Temperature-based targeting in a multispecies fishery under climate change
Temperature controls important physiological processes in fish and determines aspects of their niches. In an effort to inform selective fishing and spatiotemporal management in the U.S. Northeast Multispecies fishery, we used 16 years of data from the Northeast Fisheries Science Center Spring and Fall Scientific Trawl Surveys to determine if bottom temperature can be used to differentiate the distribution of Atlantic cod (Gadus morhua) from other species within the fishery management plan (FMP). We identified two separate regimes in spring temperatures and used empirical cumulative distribution functions to calculate biomass availability by temperature for each species. We applied a bagged approach to find optimum thermal threshold values that maximize the difference in cod biomass from each of the other species. For our study area, 38% to 54% of the species considered were well separated from cod by temperature in spring, whereas only 17% were separable in the fall. This study suggests that temperature targeting can be used seasonally to separate cod from many other species in the FMP including top catches and no-retention species. The use of temperature targeting may allow fishermen to better meet multiple quotas while avoiding choke species. Our results also suggested increasing thermal overlap between cod and species inhabiting higher median temperatures (e.g., spiny dogfish, Squalus acanthias) under the current warming temperature regime. These results indicate that the ability to selectively fish in the US Northeast Multispecies fishery will become more difficult under a warming ocean.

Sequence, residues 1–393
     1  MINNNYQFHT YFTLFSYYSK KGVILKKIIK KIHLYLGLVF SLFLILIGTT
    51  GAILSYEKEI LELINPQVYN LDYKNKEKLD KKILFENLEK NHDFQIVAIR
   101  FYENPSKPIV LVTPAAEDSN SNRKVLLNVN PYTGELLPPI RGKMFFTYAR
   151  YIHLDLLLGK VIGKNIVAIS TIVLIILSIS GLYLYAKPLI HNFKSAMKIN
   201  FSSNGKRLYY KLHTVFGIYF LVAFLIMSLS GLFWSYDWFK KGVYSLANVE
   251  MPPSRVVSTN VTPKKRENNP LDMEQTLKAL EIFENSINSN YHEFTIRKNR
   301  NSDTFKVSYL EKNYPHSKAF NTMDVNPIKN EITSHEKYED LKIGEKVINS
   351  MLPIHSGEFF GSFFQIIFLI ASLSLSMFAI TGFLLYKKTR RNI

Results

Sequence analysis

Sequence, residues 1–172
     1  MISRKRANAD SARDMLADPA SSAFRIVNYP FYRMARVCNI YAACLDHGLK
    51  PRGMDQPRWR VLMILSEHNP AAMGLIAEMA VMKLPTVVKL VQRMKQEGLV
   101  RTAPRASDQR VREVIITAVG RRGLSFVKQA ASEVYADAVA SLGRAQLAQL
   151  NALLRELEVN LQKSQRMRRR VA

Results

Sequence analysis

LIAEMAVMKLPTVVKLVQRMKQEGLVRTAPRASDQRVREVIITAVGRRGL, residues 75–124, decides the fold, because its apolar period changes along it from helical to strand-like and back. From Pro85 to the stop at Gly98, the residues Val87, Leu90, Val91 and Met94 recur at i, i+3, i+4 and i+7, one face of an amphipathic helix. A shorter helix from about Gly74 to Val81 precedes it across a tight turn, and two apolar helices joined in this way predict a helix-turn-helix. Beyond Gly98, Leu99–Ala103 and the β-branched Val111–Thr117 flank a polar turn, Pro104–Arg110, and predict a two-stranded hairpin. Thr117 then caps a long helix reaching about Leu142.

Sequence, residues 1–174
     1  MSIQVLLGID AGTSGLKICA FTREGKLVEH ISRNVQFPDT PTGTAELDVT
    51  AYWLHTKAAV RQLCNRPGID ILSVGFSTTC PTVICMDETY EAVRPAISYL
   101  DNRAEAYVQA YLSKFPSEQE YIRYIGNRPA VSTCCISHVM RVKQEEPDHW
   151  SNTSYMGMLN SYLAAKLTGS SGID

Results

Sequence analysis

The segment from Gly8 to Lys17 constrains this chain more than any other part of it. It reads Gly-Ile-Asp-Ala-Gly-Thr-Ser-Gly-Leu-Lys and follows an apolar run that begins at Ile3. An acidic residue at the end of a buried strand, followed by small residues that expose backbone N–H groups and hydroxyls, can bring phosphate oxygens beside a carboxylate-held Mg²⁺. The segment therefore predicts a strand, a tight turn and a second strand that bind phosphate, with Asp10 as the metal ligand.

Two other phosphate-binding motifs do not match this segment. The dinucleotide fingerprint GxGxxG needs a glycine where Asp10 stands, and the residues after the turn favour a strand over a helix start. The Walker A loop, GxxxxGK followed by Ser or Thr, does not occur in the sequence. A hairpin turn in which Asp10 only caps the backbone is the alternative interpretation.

Dunn, DC; Moxley, JH; Halpin, PN
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